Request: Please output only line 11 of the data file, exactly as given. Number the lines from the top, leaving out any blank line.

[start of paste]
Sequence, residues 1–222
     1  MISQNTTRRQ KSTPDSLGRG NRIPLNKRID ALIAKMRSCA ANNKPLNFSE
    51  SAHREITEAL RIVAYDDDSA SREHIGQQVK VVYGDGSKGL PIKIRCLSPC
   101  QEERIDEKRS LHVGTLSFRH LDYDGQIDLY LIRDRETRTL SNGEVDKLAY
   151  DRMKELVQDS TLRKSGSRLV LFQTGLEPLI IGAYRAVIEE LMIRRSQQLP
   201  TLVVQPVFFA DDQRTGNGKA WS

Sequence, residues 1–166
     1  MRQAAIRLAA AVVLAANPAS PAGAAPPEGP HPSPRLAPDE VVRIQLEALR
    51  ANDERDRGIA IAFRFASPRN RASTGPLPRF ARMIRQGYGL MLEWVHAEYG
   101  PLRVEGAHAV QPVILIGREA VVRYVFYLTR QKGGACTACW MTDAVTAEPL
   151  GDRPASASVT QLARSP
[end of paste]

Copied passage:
   151  GDRPASASVT QLARSP